Scottish Bridal Designer of the Year at the Vows Awards 2006, 2008 & 2010
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The objective of this page is to explain the different measurements we require in order that we can produce the 'toile' or 'mock-up' of your wedding gown. It is extremely important that we receive as accurate a series of measurements as possible to ensure that your 'toile' will fit you correctly.
We would recommend that if possible you should ask a professional seamstress to take your measurements.
Measurements can be in inches or centimeters, but please make sure you indicate which is used.
Chest: Place the end of your measuring tape above your bust, continuing around under your arm pit, across your back, under the other arm pit, and ending in the front where your measurement began.
Bust: Measure around the widest part of back, straight across the fullest part of the bust, not under the bust line. Be aware that wearing no bra rather than a strapless or regular bra can make quite a difference in measurements. Plus, note that "the time of the month" measurements are taken can cause bust line measurements to fluctuate.
Waist: Measure around your natural waistline without holding your stomach in. Leave one finger under the measuring tape so that the tape can be moved so that we do not have too tight a waistline.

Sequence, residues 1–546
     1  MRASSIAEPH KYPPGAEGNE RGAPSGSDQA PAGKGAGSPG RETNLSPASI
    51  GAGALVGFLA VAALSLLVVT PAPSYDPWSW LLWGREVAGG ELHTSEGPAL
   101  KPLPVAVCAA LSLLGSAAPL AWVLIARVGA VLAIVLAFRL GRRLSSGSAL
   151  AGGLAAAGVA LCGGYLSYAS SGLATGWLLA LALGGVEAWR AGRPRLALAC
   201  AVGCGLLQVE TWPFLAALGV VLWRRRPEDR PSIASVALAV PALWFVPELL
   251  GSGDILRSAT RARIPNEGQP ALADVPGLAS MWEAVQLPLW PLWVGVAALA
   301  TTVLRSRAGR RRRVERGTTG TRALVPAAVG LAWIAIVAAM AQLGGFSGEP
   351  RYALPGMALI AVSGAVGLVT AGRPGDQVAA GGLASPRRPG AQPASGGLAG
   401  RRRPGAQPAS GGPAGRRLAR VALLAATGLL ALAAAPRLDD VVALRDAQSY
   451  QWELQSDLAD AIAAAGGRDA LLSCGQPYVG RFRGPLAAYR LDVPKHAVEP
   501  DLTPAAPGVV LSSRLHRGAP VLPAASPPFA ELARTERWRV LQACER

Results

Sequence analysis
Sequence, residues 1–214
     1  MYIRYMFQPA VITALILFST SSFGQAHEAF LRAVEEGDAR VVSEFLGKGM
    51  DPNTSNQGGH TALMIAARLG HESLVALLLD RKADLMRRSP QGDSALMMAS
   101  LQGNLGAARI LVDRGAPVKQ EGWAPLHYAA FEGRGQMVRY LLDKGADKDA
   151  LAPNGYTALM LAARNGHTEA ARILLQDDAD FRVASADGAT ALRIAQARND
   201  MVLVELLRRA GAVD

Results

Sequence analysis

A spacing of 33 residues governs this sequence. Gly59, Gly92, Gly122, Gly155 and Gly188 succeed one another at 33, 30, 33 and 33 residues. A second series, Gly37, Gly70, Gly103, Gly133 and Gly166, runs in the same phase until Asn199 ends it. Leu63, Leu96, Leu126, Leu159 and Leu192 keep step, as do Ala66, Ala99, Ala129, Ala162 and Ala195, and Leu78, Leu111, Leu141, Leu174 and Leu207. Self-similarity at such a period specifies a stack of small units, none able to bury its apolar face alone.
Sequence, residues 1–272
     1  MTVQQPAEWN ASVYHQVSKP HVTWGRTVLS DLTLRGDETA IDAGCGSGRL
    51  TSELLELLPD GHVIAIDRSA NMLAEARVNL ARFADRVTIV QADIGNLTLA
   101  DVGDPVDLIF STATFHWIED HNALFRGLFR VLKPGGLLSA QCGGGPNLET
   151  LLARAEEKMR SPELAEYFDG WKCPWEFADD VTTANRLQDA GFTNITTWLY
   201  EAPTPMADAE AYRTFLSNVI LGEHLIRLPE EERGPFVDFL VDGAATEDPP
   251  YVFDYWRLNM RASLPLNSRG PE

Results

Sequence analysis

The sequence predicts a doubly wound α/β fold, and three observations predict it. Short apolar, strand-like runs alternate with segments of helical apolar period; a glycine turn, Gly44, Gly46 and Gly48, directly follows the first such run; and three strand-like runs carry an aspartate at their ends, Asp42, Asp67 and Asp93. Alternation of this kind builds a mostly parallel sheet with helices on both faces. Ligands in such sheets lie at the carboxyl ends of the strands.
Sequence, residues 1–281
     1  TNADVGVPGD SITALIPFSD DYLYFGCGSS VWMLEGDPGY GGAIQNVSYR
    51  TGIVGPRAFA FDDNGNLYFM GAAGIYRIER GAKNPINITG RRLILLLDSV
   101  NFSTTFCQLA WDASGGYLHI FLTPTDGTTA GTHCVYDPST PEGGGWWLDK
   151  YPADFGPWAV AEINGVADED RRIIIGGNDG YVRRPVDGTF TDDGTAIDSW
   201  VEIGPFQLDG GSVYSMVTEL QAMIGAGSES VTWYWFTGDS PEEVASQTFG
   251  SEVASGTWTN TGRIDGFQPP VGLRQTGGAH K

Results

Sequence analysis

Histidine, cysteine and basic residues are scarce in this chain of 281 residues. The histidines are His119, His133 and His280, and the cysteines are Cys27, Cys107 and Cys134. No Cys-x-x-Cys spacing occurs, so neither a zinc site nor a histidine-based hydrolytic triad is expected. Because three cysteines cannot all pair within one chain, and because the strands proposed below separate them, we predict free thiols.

Hips: Stand with your feet together and measure around the fullest part of the hip. Put your thumbs at your natural waist and rest your hands on your hips. The tip of your fingers should be at the area to measure your hips.
Nape of Neck to Waist: Measure from the centre of the back of your neck (where you would expect a small collar to sit), down to the centre of your waist (see above).
Waist to Floor: Stand with your feet together and measure from your waist to the floor. If at all possible, try to wear shoes which will be the same height as your wedding shoes. The final dress may be able to be 'taken up', but this may be a problem if the dress has an embroidered hem.
Cross Back Measurement: With your arms by your side, measure from the crease of one arm pit, across the back to the other crease. We find that a good way to do this is to place a pencil under each arm pit and measure from one to the other
© Lindsay Fleming, 2008